US and Qatar sign anti-terrorism agreement amid Gulf dispute

Qatar’s Emir Sheikh Tamim bin Hamad Al Thani meets with US Secretary of State Rex Tillerson. Credit: MOFA

Qatar will work with the US to establish a better way to combat terrorism financing, officials have announced.

The countries signed an agreement this week as Qatar continues to be embroiled in a dispute with its neighbors in part over allegations that it financially supports terrorist groups.

However, the boycotting nations have said the move is “not enough.”

For illustrative purposes only. Credit: QNA

In a statement carried by the Saudi Press Agency, they said they will continue to isolate Qatar until “authorities are committed to the implementation of the just and full demands that will ensure that terrorism is addressed and stability and security are established in the region.”

Meanwhile in Qatar, Foreign Minister Sheikh Mohammed bin Abdulrahman Al Thani said yesterday that the new deal has been in the works for weeks.

He added that it had “no direct or indirect connection to the Gulf crisis or the siege imposed on Qatar.”

That said, Al Thani signed the MoU with his counterpart US Secretary of State Rex Tillerson yesterday during the US official’s visit to Qatar.

Tillerson is in the region this week specifically to help mediate the ongoing Gulf dispute, which has left Qatar at odds with Saudi Arabia, the UAE, Bahrain and Egypt.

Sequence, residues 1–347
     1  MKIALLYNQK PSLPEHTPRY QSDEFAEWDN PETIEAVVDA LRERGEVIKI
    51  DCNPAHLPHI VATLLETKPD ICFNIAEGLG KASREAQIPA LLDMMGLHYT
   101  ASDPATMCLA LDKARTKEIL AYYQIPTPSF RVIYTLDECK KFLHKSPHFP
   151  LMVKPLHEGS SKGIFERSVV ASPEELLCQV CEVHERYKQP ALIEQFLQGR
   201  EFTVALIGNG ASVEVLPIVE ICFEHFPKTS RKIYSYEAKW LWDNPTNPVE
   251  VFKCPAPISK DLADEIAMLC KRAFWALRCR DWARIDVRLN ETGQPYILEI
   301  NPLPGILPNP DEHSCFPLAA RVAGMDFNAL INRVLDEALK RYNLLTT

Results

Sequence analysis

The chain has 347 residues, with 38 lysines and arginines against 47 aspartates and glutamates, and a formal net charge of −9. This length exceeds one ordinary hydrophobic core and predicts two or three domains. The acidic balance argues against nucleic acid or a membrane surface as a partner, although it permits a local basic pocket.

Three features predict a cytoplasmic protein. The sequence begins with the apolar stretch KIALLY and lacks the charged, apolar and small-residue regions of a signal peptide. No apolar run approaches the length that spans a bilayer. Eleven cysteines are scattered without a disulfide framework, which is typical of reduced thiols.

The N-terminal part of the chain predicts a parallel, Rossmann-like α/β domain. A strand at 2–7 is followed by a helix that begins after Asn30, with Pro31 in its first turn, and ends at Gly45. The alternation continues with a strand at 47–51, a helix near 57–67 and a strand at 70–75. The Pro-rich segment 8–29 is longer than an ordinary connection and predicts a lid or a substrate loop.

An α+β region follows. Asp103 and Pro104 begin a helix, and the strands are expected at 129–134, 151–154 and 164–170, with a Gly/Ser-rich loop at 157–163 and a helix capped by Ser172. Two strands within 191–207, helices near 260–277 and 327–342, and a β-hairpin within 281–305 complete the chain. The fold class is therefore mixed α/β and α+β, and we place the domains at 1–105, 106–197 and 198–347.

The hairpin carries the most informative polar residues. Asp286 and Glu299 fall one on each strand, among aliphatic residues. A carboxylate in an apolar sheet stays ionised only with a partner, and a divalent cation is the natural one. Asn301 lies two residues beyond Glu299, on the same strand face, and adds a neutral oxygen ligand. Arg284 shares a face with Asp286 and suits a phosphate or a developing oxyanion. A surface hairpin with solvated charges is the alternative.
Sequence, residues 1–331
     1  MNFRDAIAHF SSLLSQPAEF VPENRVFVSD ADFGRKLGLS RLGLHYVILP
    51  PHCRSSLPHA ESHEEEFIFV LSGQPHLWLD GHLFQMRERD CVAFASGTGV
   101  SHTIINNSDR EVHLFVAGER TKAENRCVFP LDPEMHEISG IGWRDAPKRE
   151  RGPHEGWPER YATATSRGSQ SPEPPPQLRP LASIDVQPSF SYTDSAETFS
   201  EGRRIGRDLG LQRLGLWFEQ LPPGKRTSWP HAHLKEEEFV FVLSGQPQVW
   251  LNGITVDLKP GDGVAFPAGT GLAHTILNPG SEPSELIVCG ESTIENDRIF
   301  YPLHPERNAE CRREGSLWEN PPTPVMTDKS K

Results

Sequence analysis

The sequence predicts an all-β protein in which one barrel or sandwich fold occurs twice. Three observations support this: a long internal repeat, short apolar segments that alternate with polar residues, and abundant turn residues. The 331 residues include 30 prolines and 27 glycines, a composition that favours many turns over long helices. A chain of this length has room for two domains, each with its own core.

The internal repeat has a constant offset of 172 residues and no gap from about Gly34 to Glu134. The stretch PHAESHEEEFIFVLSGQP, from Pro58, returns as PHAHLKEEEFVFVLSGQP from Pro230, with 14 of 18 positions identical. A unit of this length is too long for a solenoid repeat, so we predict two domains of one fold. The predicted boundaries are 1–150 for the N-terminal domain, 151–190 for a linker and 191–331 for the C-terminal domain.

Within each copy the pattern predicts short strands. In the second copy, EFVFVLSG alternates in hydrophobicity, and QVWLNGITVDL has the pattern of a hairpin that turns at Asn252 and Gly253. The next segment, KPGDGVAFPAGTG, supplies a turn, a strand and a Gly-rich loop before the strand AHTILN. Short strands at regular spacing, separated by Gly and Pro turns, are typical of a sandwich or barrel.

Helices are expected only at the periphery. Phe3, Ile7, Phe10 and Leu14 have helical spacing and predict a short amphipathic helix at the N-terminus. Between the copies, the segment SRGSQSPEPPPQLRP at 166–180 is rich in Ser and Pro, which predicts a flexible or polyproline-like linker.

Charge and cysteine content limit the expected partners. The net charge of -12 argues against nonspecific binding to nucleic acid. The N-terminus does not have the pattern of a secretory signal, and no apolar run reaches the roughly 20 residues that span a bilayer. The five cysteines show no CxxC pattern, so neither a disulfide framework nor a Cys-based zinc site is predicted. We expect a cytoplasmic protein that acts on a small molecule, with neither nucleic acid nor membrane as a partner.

Few details

Officials did not go into specifics about what the MoU entails, but Tillerson said it outlines the steps each country will take to stop terrorism financing globally.

It also sets a timeline for its implementation.

According to AFP, the official expressed optimism about the Gulf dispute after meeting Qatar’s Emir:

“I’m hopeful we can make some progress to bring this to a point of resolution.
I think Qatar has been quite clear in its positions and I think very reasonable and we want to talk now … how do we take things forward, and that’s my purpose in coming.”

However, mediator Kuwait expressed clear exasperation yesterday as the crisis continues into its second month.

According to Kuwait’s official news agency, Emir Sheikh Sabah Al-Ahmad Al-Jaber Al-Sabah expressed “bitterness” and is “extremely concerned” over “unprecedented developments” regarding the dispute.

He will however continue to help with mediation efforts.

And Tillerson will meet with foreign ministers from the four boycotting countries in Saudi Arabia today.

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